Volvo said on Wednesday it will use cameras installed inside its vehicles to monitor driver behavior and intervene if the driver appears to be drunk or distracted. It's a risky move by an automaker, even one with a reputation for safety like Volvo, which could raise concerns among privacy advocates.
Volvo's in-car cameras will monitor eye movements to gauge driver distraction and / or intoxication. If a driver looks away for a period of time, such as at a smartphone, or fails to keep their hands on the steering wheel, a representative from Volvo's on-call assistance centers will call them to check in. Drivers who aren't watching the road, or even have their eyes closed, will be warned as well. If they don't respond, the car will slow and even stop. The system will roll-out to all Volvo cars by early 2020.
This follows Volvo's recent announcement that it will be limiting the top speed on all of its vehicles to 180 km/h (112 mph) in a bid to reduce traffic fatalities. Volvo is framing these new policies as key components in its Vision 2020 goal, in which no one is killed or seriously injured in a Volvo vehicle by 2020. Over the years, the company built its reputation on safety and quirky designs, and today's announcement is meant to underline that.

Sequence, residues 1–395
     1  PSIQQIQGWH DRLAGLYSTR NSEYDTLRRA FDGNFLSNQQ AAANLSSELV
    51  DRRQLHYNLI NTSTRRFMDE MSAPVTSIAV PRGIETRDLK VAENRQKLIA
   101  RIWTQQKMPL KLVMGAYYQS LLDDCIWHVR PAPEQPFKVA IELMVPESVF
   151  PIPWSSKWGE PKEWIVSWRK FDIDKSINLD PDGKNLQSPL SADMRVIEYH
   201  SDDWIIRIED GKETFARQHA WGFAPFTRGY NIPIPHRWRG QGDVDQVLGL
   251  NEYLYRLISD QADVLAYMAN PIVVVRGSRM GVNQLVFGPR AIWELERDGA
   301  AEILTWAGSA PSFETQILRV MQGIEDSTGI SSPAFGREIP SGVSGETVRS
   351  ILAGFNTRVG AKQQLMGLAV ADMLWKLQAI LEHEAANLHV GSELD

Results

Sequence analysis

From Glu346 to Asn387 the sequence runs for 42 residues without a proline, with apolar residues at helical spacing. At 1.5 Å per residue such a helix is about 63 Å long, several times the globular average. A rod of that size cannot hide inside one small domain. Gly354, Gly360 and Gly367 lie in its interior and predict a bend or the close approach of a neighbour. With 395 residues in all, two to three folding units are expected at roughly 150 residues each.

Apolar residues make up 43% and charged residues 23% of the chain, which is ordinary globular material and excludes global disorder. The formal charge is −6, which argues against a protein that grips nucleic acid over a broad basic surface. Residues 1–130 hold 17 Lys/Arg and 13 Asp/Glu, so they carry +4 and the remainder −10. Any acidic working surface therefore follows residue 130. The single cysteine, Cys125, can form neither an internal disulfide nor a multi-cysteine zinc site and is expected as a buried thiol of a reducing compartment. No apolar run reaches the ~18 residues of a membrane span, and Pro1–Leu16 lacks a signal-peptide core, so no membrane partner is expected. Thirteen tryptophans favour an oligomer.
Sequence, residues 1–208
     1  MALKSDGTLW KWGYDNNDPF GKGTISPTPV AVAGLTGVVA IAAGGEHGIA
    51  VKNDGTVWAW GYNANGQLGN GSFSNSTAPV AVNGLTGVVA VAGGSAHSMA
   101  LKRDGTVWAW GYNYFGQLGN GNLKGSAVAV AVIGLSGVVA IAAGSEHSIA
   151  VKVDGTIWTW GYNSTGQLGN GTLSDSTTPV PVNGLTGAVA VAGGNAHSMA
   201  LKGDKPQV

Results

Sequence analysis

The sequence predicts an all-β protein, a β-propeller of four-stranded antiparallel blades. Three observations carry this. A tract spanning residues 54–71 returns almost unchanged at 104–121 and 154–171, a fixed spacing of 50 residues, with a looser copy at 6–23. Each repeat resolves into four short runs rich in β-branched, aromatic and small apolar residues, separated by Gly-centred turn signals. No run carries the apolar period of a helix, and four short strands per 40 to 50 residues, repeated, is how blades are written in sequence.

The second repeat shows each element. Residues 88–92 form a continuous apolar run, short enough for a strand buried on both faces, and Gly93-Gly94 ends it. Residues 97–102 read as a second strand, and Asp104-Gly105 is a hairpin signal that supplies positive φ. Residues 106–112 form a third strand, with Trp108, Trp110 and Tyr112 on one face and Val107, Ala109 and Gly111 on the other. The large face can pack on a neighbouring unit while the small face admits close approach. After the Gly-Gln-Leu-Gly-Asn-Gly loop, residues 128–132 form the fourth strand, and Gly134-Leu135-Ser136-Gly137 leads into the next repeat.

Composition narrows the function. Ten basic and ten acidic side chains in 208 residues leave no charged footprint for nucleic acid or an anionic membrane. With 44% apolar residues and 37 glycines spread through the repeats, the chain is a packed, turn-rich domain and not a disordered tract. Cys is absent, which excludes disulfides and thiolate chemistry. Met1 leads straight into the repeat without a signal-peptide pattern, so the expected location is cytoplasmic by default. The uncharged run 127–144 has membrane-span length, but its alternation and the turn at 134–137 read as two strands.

"When it comes to safety, our aim is to avoid accidents altogether rather than limit the impact when an accident is imminent and unavoidable," Henrik Green, senior vice president for research and development at Volvo Car Group, said in a statement. "In this case, cameras will monitor for behavior that may lead to serious injury or death."
The use of in-car cameras to monitor drivers is not completely unprecedented. Cadillac uses infrared cameras facing the driver to power its advanced driver assist system, Super Cruise. The camera tracks the driver's eye movements, allowing for a "hands-free" driving experience. If the driver's attention wanders, Super Cruise uses an escalating series of audible and vibrating alerts to ensure the driver keeps their eyes on the road.
As cameras proliferate in the name of safety, there's a real chance they can be misused to invade privacy. At an event in Sweden Wednesday, the company preemptively dismissed this criticism by likening it to early objection to seatbelt laws.
Automakers are already collecting lots of information from your car today, but mostly for vehicle analytics. GM has said that the camera in its Cadillac cars isn't recording anything; it's just a buffered video feed to make sure Super Cruise works as it should.
Volvo didn't respond to questions about access to the vehicle's camera, but in a statement clarified that the exact technical setup of the camera has yet to be decided.
"With the cameras, Volvo aims to collect data only in the ambition to make its cars safer and only the data that is required for the systems," a spokesperson said in an email. "The cameras will not record video and no data will be gathered without the user's consent. Exact technical setup is yet to be determined."